Hyundai Veloster is the Korean firm's new Coupé. with four-doors!
Normally, 'Coupés' have two doors (or three if you include the tailgate), but the new Veloster has a tailgate, a driver's door and two passenger doors on the nearside. MINI, of course, gave us this idea with the Clubman, but the BMW-owned carmaker failed to deliver to our right-hand drive market the passenger doors on the nearside (aka passenger-side); instead it favoured left-hand drive markets. Thankfully, the new Veloster is built in two body styles (LHD/RHD), so that means that in Ireland drivers can drop off kids and passengers onto the footpath, away from traffic and without the need to get out to let them out. This is very important on any parent's list.
Outside, Veloster looks positively chunky compared to the famous Hyundai Coupé. It has a very interesting exterior with creases and curves that bring a smile to your face. It has similar proportions to a VW Sirocco - and that is a good thing. Sitting on 17-inch alloys, the four-seater, front-wheel drive car turns heads. Veloster is available in some vivid colours and my bright green test car divided opinion - but let's face it: you don't buy a coupé to be anonymous.
Inside, the driver and front seat passenger are well catered for with a nice dashboard and good levels of equipment. The rear seating is, as you would expect, a compromise. Headroom is poor for adults although there is space for two people. At 5'10" I need to sit with my head almost tilted back (and under the very long rear tailgate glass), otherwise my head hits off the roof where the roof lining joins the tailgate. The trim for the rear passenger, who sits behind the front passenger, is better quality than behind the driver – clearly Hyundai knows the Veloster will be used more as a 2+1 than a 2+2.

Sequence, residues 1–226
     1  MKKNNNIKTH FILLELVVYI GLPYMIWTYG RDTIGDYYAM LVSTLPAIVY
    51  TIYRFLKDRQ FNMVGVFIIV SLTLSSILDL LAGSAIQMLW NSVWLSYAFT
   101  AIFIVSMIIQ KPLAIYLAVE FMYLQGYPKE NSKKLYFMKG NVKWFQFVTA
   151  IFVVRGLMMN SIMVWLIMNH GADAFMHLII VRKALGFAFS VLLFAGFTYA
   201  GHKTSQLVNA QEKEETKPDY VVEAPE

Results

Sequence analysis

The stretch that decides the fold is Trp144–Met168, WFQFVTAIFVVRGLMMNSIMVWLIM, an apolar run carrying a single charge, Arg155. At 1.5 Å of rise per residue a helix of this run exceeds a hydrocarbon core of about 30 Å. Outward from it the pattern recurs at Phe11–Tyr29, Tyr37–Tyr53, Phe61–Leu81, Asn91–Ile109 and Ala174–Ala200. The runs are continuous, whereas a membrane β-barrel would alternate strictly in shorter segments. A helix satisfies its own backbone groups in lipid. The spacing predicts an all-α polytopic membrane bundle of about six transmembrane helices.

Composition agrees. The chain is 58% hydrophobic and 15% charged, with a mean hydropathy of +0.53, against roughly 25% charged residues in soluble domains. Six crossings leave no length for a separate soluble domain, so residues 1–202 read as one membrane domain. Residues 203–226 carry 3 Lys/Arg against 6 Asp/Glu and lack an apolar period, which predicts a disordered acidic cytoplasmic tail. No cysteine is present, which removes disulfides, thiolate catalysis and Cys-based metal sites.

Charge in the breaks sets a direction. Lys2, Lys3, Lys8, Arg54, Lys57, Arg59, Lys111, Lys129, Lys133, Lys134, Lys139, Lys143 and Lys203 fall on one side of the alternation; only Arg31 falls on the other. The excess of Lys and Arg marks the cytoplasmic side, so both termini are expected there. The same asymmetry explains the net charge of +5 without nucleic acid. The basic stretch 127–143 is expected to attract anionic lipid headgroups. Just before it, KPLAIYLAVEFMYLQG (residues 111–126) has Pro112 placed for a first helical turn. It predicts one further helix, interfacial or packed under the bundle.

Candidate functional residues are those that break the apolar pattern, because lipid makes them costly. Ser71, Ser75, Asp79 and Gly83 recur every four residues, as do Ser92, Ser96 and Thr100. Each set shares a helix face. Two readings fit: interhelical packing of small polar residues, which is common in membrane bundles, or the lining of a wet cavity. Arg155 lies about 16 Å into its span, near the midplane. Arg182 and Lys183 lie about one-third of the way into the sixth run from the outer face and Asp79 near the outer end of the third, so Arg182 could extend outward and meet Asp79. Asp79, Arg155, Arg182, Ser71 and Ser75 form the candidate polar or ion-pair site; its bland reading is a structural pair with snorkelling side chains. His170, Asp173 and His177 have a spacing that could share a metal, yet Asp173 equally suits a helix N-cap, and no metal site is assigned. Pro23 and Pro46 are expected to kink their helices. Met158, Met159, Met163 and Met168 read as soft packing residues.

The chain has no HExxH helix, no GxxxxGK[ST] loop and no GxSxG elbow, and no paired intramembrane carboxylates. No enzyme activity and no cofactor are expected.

So does Veloster go as well as it looks? The ride is comfortable and the cabin a pleasant place to be on good roads. On more demanding surfaces Veloster can be unsettled. Steering is neutral and the manual six-speed gearshift is precise. Power comes from a 1.6-litre GDi (direct injection petrol) four-cylinder engine. There is 140bhp on tap and this helps Veloster deliver a mildly entertaining driving experience when driven hard – but you need to make an effort to drive enthusiastically. A higher performing turbo is being built and this would be the choice for drivers who want a bit of 'Go' to go with their coupé 'Show'. The centre-mounted twin-exhaust is lovely to look at but doesn't provide the slightest audible hint of a sporty soundtrack. There is no induction roar under acceleration either, so Veloster is not aimed at overtly sporty drivers, rather at those who wish to look the part.
The old Hyundai Coupé was a huge hit in its class in Ireland but never a performance car, so buyers coming to Veloster from a Hyundai Coupé will be happy. Another reason to be happy is that Hyundai has a great five-year warranty with Roadside Assistance and Vehicle Health Check as standard. There is just one specification and this keeps things simple. Veloster costs €24,995 OTR (on the road) and CO2 is 137g/km, so that means owners will pay €225 in annual road tax.
Hyundai Veloster is a bold and striking-looking car.